Oct 3 Qs

Degen and Rose (2012) outline the numerous ways in which sensory experience of an urban space is influenced not only by design, but also by individualized memories associated with that space (and others like it). Three types of sensory interactions are described: present experience can be overlapped with memories of previous experiences within that environment, encounters with one environment inspires memories of comparable environments, and such comparisons can develop a typology to articulate judgments (i.e. “this is ‘just another town center.’”) The authors outline the complexity of each interaction: how does the role of perceptual memory create a paradoxical experience of sensory engagement with a particular urban space? Or, how might memories both increase and reduce sensory immersion in an environment in different ways? How might this be related to gendered experiences?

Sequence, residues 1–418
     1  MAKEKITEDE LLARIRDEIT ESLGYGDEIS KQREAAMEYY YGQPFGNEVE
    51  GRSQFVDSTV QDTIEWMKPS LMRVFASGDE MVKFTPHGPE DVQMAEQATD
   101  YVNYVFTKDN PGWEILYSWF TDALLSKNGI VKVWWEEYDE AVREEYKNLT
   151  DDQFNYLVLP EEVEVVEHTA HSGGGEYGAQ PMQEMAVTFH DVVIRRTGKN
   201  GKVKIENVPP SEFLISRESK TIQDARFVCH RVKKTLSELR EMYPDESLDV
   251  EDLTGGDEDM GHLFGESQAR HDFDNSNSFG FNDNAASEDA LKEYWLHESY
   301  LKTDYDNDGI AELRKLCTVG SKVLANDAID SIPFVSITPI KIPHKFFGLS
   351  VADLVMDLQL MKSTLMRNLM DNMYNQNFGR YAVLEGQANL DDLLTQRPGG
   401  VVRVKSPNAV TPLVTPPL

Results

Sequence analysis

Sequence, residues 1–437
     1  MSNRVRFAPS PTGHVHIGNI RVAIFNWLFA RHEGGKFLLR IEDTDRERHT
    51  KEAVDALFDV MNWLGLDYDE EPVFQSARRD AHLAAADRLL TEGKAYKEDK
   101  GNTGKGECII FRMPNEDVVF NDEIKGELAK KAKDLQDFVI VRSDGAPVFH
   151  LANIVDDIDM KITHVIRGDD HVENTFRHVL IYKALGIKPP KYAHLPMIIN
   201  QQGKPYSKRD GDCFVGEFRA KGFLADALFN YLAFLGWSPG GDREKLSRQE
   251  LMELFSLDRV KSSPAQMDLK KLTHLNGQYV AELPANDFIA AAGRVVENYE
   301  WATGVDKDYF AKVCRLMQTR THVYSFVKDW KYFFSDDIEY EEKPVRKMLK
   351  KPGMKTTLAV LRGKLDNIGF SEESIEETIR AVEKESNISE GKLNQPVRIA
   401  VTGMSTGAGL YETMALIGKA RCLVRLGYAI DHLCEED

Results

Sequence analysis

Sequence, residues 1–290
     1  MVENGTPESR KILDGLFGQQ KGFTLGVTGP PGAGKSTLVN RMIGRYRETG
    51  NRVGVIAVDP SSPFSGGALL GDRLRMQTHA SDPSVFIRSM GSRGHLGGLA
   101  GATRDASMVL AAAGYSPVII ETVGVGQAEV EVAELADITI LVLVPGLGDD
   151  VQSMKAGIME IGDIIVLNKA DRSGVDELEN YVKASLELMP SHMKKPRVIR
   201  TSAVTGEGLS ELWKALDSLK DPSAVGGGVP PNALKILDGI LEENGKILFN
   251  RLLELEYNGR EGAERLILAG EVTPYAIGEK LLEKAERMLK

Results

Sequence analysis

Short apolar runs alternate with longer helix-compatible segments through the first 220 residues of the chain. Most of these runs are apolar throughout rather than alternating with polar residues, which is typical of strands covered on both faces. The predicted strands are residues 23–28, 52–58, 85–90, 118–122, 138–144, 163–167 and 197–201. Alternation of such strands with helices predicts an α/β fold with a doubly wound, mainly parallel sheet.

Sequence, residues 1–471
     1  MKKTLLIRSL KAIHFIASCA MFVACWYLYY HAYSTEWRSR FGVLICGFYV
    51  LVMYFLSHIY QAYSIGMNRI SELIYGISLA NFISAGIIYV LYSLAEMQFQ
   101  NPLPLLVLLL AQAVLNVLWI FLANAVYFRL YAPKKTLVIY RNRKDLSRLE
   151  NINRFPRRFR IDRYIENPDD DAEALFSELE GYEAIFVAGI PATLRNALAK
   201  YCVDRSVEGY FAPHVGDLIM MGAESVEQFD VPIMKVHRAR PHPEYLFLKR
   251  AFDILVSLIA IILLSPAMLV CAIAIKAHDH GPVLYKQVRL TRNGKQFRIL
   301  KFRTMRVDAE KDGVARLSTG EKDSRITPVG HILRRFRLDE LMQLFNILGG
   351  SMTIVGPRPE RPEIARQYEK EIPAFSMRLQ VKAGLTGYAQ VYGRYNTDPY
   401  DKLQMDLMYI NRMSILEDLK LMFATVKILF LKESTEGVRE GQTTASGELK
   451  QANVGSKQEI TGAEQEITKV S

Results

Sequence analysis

When talking about the physical and symbolic nature of the stranger, in their article “‘The stranger’, the city and the nation,” Koefoed and Simonsen mention that the stranger takes on an abundance of shapes and roles depending on the context which it is performed. What is your interpretation of this? Can you think of different roles, or shapes and the context in which they are performed and how/if they apply to you?

In the article “‘The stranger’, the city and the nation” we see the idea of ‘the stranger’ and the example of the Pakastani families in Denmark feeling discriminated against due to the fact that they don’t appear to be Danish. Do you feel that because Canada is multi-cultural the idea of ‘the stranger’ is less prominent in our society or as equally prevalent?

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